Date of Degree

10-2014

Document Type

Dissertation

Degree Name

Ph.D.

Program

English

Advisor

Ashley Dawson

Advisor

Talia Schaffer

Subject Categories

History | Literature in English, British Isles

Keywords

child, colonial, India, periodization, postcolonial, Victorian

Abstract

In this dissertation I analyze the relationship between national and individual development in Victorian and postcolonial novels set in India. My central argument is that the investment in the idea of progress that characterizes colonial narratives of childhood gives way in postcolonial fiction to a suspicion of dominant understandings of progress, and that this difference is manifest in the identity formation of the child character as well as in the form of the novel.

In the Victorian colonial narratives discussed in this study, the bildung of the child involves the overcoming of the child's conflicted cultural identity. The children of the colonial elite are socialized in early years by their Indian caregivers. As the children begin to acquire Indian languages, tastes and mores, however, British adults, driven by cultural anxiety, seek to re-educate and Anglicize the children until there is scarcely a trace of Indian influence in the child's appearance or conduct. Likewise, gender and class identity, though ambiguous in the years of infancy, settles towards the end of a typical colonial narrative. However, the proper classification of the child towards which the colonial novel strains is effected so anxiously that even optimistic colonial narratives like Dinah Mulock Craik's "The Half-Caste" (1857) or Rudyard Kipling's The Jungle Book (1894) convey an awareness of the fragility of the government of child and colony.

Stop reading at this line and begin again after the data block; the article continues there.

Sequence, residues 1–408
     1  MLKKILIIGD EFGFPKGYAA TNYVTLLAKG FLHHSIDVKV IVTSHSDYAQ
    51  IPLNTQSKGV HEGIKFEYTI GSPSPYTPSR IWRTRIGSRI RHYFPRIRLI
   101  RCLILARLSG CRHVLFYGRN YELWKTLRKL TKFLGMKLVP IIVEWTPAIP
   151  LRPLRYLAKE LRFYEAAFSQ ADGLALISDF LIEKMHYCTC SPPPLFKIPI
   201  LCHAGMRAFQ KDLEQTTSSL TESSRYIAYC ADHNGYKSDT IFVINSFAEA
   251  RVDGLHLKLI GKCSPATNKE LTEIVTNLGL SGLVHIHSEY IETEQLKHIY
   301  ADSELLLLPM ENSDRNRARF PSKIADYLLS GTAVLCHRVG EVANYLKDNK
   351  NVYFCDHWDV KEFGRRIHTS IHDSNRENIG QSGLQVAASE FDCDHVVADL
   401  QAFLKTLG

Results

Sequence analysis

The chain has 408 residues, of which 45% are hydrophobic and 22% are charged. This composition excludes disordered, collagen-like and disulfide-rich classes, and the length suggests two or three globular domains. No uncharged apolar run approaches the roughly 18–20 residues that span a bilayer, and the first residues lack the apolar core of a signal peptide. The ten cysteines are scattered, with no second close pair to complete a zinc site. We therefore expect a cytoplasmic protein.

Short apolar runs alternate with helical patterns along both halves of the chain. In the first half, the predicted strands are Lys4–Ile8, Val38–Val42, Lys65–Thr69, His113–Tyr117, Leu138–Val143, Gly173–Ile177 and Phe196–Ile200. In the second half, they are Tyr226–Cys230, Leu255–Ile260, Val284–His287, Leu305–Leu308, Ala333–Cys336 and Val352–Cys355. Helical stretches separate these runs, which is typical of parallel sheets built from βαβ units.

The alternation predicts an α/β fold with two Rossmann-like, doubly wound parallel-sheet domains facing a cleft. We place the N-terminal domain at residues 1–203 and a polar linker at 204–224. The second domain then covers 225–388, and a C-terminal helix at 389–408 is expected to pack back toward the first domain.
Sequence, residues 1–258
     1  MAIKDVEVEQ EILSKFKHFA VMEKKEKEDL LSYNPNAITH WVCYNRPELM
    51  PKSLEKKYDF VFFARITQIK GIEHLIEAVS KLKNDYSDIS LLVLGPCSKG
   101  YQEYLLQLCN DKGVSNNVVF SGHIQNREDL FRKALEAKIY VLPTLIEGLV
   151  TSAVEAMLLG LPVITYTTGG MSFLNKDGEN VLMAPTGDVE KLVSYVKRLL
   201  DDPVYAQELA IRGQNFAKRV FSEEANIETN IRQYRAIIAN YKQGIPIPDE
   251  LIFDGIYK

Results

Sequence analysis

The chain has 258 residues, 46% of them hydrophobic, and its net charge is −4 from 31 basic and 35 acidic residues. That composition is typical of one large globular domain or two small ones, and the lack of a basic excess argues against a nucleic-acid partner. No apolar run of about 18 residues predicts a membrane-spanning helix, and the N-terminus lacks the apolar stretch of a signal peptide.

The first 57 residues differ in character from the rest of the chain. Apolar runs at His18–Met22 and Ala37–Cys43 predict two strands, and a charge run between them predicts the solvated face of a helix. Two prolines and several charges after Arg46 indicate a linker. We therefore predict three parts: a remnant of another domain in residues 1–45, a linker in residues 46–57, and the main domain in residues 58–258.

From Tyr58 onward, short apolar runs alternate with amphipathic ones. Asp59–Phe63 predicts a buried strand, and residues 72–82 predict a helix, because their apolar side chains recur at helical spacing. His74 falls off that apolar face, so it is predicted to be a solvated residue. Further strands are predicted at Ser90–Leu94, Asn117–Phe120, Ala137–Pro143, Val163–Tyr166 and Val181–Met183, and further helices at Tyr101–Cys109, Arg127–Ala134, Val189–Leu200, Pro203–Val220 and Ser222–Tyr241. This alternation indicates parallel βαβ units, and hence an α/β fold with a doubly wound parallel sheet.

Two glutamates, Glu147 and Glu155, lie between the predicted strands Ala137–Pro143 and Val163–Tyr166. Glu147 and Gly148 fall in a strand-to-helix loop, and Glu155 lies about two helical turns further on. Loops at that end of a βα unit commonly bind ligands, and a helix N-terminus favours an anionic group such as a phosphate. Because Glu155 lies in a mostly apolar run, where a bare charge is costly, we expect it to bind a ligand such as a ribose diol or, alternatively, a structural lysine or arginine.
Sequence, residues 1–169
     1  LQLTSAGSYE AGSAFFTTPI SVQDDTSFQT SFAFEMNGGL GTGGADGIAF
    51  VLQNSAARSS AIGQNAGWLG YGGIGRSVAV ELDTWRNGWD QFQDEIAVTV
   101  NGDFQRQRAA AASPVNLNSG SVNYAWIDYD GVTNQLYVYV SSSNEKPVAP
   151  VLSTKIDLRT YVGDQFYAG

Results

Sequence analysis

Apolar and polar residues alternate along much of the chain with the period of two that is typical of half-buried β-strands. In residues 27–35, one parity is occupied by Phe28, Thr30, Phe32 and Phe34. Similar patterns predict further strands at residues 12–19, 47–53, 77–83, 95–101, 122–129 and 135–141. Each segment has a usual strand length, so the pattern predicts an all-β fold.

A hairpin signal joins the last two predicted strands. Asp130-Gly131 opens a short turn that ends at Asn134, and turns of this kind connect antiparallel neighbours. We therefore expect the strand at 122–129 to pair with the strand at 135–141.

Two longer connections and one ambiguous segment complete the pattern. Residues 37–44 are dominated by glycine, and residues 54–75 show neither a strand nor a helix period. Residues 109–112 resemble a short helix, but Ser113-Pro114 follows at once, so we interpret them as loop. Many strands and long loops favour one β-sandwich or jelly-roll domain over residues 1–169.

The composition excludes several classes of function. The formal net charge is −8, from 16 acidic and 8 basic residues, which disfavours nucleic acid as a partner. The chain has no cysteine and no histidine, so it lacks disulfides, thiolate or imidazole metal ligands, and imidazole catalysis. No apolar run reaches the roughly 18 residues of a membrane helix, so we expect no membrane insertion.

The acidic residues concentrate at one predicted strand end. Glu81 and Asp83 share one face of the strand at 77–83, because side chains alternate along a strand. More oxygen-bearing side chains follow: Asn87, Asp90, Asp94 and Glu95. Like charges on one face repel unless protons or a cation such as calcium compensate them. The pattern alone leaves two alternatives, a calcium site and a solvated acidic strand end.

Where in Victorian novels children eventually outgrow their hybrid identity, in postcolonial novels the gender, class and national identities of the child-protagonists never quite settle. The final chapter of my dissertation connects the figure of the neglected child in postcolonial fiction with larger questions of nation formation and argues that the veneer of investment in progress evident in Victorian novels has worn away to reveal a ubiquitous, though uneven, sense of betrayal.

The chapters are organized around texts produced at moments widely considered critical in the history of colonial India: the missionary tracts produced after the legalization of missionary work in 1813, the emergence of the "post-mutiny boy hero" in the wake of the Revolt of 1857, the repatriation narratives that proliferated in the twilight years of empire, colonial writing by Indian writers at the time of decolonization, and finally postcolonial narratives that layer the problems of liberalization, such as a perceived disconnect between the citizen and the state in an age of transnational capital, with India's colonial past. Contrasted with the understanding of history as a series of critical moments is the narrative of slow violence over the course of the nineteenth and twentieth centuries: the gradual degradation of human and environmental rights under first colonial and then postcolonial elite regimes. Finally the dissertation looks for new ways forward from this potentially debilitating understanding of colonial and postcolonial history and literature.

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